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Jewish Heritage: The Oral Histories - Cuba Family Archives



DATE:                                 OCTOBER 22, 2001

                                           MARCH 6, 2002

LOCATION:                         ATLANTA, GEORGIA


Stanley Maier Srochi was born in Atlanta, Georgia, in 1926.   His grandparents immigrated to the United States from Russia, Latvia, and Poland in the 1880s.   His maternal grandfather was Louis Hirsh, documented as ‘Hirschovitz’ in the Ahavath Achim list of members in Atlanta in 1900, then an Orthodox synagogue.  His maternal grandmother, Lottie Seligson Hirsh, was from Latvia.   His paternal grandfather, Morris Srochi, came from an area near Kraków, Poland.  His paternal grandmother’s name was Dora.   

Stanley’s grandfather, Morris Srochi, settled in New York when he arrived to the United States before coming to Atlanta for a job as a baker.  A year after arriving in Atlanta, he started the family bread business, Atlanta Baking Company.  Morris Srochi had been a baker by trade as a young boy in Poland.  Stanley’s father, Abram David Srochi, was born in New York in 1887 and came to Atlanta with his father when he was three years old.      

Stanley attended Druid Hills School and Boys’ High School.  He was bar mitzvahed in 1939 at the Ahavath Achim under the guidance of Rabbi Harry H. Epstein.  Stanley served in the United States Army with the 43rd Infancy Division before World War II started.  He traveled to Japan in 1945 with the 103rd Infantry Regiment of the Maine Army National Guard.  He was discharged from service in 1946 and returned to Atlanta, where he studied law at Emory Law School.  He graduated in 1952 and went to work in the sales department of the family business.  He entered the real estate business after the family business was sold.  

Stanley married Joan Printz Perretz in 1979.  They have three stepchildren and eight grandchildren. 

Scope of Interview:

Stanley Maier Srochi discusses his grandparents who immigrated from Russia, Poland, and Latvia.   He talks about both sides of his family being members of Ahavath Achim in the late 1880s when it was an Orthodox synagogue.  He mentions that the congregation later affiliated with the Conservative movement in the 1940s.  He reflects on growing up in the generation that identifies with Rabbi Harry H. Epstein and that he admired his intellect and speaking ability.   Stanley mentions that he attended Sunday school at Ahavath Achim in the 1930s.  He remembers his bar mitzvah in 1939.  He recalls separate seating arrangements for women in the synagogue and when integrated seating began in the 1950s.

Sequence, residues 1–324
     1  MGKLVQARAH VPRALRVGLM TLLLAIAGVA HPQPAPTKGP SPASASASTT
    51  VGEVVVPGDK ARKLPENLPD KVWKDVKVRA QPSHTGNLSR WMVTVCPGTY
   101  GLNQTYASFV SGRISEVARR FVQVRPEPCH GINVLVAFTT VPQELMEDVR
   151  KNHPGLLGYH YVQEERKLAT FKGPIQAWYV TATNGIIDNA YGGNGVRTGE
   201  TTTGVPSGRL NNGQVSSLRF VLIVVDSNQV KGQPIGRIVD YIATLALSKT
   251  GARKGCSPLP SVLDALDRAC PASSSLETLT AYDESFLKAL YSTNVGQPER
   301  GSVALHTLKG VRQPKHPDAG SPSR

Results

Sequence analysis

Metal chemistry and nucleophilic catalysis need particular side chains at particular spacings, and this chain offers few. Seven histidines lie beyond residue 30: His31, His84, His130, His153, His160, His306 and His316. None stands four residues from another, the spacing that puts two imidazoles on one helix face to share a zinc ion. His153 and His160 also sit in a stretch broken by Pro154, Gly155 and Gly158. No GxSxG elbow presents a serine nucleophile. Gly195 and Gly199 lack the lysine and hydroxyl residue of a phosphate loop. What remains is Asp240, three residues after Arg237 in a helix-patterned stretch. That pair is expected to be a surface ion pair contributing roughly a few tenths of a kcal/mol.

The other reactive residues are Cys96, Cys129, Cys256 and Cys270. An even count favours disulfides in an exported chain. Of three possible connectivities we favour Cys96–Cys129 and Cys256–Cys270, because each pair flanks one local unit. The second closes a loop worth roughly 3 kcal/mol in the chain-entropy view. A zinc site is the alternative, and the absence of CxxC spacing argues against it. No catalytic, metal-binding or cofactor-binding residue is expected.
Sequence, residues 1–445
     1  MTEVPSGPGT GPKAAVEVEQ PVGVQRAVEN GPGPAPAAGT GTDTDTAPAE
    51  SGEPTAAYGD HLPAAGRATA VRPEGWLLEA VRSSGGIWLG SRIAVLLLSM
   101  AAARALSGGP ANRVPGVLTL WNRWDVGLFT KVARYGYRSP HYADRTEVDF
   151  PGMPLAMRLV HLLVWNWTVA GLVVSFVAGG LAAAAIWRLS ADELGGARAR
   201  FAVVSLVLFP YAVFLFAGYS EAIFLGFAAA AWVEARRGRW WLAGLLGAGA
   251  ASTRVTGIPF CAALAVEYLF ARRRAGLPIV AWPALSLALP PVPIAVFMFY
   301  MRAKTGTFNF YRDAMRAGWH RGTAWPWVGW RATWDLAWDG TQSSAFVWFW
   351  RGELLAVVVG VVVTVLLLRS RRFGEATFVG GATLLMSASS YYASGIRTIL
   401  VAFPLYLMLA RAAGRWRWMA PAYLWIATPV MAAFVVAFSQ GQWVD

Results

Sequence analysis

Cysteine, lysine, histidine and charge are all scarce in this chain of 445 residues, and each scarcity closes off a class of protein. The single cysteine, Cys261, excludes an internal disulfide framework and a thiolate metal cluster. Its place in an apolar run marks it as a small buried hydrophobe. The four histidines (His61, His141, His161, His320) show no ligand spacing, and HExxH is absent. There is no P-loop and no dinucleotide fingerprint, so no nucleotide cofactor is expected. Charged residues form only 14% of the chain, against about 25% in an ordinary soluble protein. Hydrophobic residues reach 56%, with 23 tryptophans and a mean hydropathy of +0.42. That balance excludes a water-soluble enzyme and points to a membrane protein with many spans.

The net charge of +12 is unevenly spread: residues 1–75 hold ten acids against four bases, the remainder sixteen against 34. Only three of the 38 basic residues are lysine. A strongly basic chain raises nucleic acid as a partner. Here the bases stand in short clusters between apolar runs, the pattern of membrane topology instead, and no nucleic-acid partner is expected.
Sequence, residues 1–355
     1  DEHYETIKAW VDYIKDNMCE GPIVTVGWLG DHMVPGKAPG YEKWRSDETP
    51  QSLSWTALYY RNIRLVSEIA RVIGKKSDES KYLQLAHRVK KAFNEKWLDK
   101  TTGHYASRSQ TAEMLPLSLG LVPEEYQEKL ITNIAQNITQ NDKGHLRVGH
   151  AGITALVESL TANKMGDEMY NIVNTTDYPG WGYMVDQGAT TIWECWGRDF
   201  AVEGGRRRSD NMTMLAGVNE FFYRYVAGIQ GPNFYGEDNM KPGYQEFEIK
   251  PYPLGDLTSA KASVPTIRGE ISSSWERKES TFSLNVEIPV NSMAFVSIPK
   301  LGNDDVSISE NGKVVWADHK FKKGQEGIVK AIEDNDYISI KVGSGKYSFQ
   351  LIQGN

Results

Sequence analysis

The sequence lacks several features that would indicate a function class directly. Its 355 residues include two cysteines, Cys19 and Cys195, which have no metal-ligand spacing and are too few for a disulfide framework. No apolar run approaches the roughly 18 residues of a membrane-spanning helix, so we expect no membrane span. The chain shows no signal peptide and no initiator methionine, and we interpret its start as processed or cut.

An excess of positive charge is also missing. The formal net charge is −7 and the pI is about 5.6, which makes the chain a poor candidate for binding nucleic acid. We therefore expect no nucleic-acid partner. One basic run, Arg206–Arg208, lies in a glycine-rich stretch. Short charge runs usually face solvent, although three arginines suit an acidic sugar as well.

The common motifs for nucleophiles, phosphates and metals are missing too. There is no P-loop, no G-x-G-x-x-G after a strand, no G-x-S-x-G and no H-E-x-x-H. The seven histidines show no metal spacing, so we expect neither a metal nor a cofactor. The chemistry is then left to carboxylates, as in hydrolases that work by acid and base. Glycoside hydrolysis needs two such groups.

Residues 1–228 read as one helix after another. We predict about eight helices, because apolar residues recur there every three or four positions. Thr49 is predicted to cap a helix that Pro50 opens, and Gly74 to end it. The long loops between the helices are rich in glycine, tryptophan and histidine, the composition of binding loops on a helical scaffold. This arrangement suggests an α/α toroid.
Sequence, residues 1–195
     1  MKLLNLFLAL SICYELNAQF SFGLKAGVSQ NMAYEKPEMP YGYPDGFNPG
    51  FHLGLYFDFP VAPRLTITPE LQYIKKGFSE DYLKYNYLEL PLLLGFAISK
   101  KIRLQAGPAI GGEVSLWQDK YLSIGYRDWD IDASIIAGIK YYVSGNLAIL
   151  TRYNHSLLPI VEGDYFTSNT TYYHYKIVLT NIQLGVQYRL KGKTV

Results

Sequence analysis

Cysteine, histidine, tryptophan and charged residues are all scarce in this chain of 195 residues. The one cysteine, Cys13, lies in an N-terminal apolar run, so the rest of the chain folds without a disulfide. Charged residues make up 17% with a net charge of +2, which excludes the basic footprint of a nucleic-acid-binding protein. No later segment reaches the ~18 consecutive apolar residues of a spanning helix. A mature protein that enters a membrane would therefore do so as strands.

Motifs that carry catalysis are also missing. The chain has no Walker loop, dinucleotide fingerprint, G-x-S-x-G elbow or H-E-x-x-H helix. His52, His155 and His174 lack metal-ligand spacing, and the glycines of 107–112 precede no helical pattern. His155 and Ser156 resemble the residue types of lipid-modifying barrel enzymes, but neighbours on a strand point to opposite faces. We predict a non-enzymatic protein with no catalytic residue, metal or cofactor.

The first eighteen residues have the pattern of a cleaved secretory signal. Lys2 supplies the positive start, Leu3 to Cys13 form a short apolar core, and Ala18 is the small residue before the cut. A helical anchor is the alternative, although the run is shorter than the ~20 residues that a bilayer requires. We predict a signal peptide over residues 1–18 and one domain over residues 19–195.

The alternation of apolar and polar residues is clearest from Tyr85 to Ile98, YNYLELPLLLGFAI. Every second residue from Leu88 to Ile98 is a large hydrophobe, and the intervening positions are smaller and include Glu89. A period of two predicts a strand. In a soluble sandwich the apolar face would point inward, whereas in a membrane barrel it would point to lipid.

Stanley discusses his grandfather, Morris Srochi, as being a strong financial supporter of Ahavath Achim.  He talks about how his grandfather bought one of the first bricks as fundraising for the facility in the 1920s.   He recalls aliyahs being auctioned at Yom Kippur service during the 1930s and that his grandfather held neilah into his 90s when he died in 1960.   

Stanley remembers his maternal grandfather, Louis Hirsh, as being very observant during High Holy Days and studying the Torah and Talmud.  Stanley remembers visiting his grandparents, who lived near the synagogue, where they would break their fast. 

He discusses his family’s involvement in the Tenth Street Ahavath Achim property and the Srochi Auditorium being dedicated to his grandmother, Dora Srochi.  He talks about his father, Abram David Srochi, being involved in fundraising for the Educational Center Library Building.    He mentions that the Zaban Park facility is a dedication memorial to his mother, Sophie Hirsh Srochi.

Stanley recounts his military experience during Pearl Harbor in Japan during World War II and being assigned to the 43rd Infantry Division before the war and the 103rd Infantry Regiment with the Maine Army National Guard.  He talks about being discharged in 1946 and returning to Atlanta, where he studied law at Emory Law School.  He graduated in 1952.   

He discusses working in the Srochi family business, the Atlanta Baking Company, after his graduation.  He talks about the business as a neighborhood bakery and sales delivery made by horse and wagon.  He talks about how the bread business evolved to the wholesale level in the 1920s.   He recalls that many of their customers were Reform Jews.  He speaks of their bread brands in the 1950s and the sale of the family business 1967.  He talks about entering the real estate business after selling the family business.

Stanley recalls the Jewish delicatessens in Atlanta and reflects on childhood memories.  He talks about his cousins and aunts and uncles.  He recalls growing up with the Candler family children and attending Druid Hills School and Boys’ High School.  He discusses how the school system changed after World War II towards neighborhood oriented and co-educational.  He talks about remaining friends with the boys he went to school with.  Stanley continues to serve as a board member for Atlanta Boys’ High School Alumni Association.     

He talks about meeting his wife, Joan Printz Perretz, and their marriage in 1979.  He discusses his three stepchildren and eight grandchildren.

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